RFL/RE – Tensions are soaring between Iran and Israel, its regional foe. This comes as Tel Aviv is suspected of carrying out a recent spate of assassinations and sabotage attacks inside the Islamic republic. Iran’s powerful Islamic Revolutionary Guards Corps (IRGC) on June 20 said the death of a Defense Ministry engineer in May was the result of “industrial sabotage,” not simply an “accident,” as officials previously suggested.
The New York Times reported that the engineer had been killed in a suspected Israeli drone attack. Last month, Tehran blamed Israel for the killing of an IRGC colonel outside his home in the Iranian capital and vowed revenge.
Why It Matters: Tensions have flared as negotiations aimed at reviving the 2015 nuclear deal between Iran and world powers remain deadlocked. In the absence of a deal that would curb Iran’s sensitive nuclear activities in exchange for the lifting of U.S. sanctions, Tehran has reduced its commitments and expanded its nuclear activities.
There are fears in the West that Tehran is close to amassing enough highly enriched uranium for a nuclear weapon. If Iran does acquire a nuclear weapon, Israel is likely to launch military strikes inside the Islamic republic, a worst-case scenario that could trigger a wider conflict in the region.
What’s Next: In the wake ofsuspected Israeli assassinations and sabotage attacks, calls have grown in Iran for a tough response. Some hard-liners have advocated for military strikes against Israel. The hard-line Resalat newspaper called for a “hard blow” against Israel. Iran is likely to target Israeli citizens or interests in the region.
As Iranian rhetoric against Israel intensifies, Tel Aviv has warned its citizens not to travel to Turkey. Israel has already claimed that it has thwarted attacks against Israeli tourists in Istanbul. Some Iranian observers have cautioned that Iranian retaliation is likely to harm rather than benefit Tehran’s interests.
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— Rights activist Maryam Karimbeigi was arrested by Iranian security forces after they raided her family’s home. Karimbeigi’s brother, Mostafa, was killed in the state crackdown that followed mass street protests over the disputed 2009 presidential election. Karimbeigi was arrested on June 14, and she has been on a hunger strike since. Shahnaz Akmali, Karimbeigi’s mother, told RFE/RL’s Radio Farda that her daughter had been under pressure by authorities as she sought justice for her brother’s death.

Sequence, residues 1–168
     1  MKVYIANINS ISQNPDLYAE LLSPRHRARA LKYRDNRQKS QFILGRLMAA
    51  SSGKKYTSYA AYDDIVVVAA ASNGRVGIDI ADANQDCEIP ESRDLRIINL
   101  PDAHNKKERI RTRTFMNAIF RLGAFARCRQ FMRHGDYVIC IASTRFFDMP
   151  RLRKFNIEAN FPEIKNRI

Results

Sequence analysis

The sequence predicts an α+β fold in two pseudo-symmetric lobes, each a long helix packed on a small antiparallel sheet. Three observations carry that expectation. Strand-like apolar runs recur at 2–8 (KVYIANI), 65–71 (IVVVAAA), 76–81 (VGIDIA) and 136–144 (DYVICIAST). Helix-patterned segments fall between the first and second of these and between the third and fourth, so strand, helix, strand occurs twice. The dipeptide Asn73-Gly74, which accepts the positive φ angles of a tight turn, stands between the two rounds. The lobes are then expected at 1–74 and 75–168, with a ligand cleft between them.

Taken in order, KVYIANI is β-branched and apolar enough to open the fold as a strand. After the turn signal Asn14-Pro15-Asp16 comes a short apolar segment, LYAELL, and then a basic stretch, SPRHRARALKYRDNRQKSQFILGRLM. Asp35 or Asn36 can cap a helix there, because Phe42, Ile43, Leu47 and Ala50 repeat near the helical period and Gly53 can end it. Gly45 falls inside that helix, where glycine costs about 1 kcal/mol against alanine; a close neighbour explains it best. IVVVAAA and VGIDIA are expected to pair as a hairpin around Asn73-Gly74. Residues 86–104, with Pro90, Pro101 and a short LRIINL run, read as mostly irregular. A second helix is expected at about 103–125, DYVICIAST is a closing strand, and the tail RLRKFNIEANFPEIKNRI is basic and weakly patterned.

— During a visit to a domestic aircraft manufacturer, President Ebrahim Raisi called on the company to intensify its efforts to build passenger planes. His comments on June 16 triggered skepticism and mockery among Iranian social media users. Due to U.S. sanctions, Iran has been unable to renew its aging fleet or import spare parts to maintain its aircraft. Days after Raisi’s comments, an Iranian-owned, U.S.-made F-14 fighter jet crashed during a military exercise, the second such incident in the past month. Tehran acquired the jets before the Islamic Revolution in 1979.
What We’re Watching
Iran has been hit by near-daily protests by workers angered by soaring living costs in the Islamic republic. Authorities have tolerated some of the rallies, but they have cracked down on the teachers’ protests.
The Iranian Teachers’ Union’s Coordination Council said that more than 100 teachers were detained on June 16 for participating in widespread protests demanding the release of other imprisoned teachers and better working conditions. Some are still in detention, where they have launched hunger strikes. A decision by authorities to increase taxes on the private sector has led to strikes by merchants and shopkeepers at bazaars.
Why It Matters: Hamstrung by crippling U.S. sanctions and years of government mismanagement, Iran’s economy is unlikely to improve if the nuclear deal is not revived. In the meantime, discontent will grow, and more Iranians are likely to join the protests over living conditions.
As of now, teachers, pensioners and retirees, truck drivers, bus workers, taxi drivers, merchants, and shopkeepers are among those taking to the streets to vent their anger and frustration at authorities. The rallies at Iran’s bazaars, in particular, are ominous. Rallies at the markets have often been the trigger for bigger and more significant protests in the past.
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- Hannah KavianiHannah Kaviani is a journalist with RFE/RL’s Radio Farda.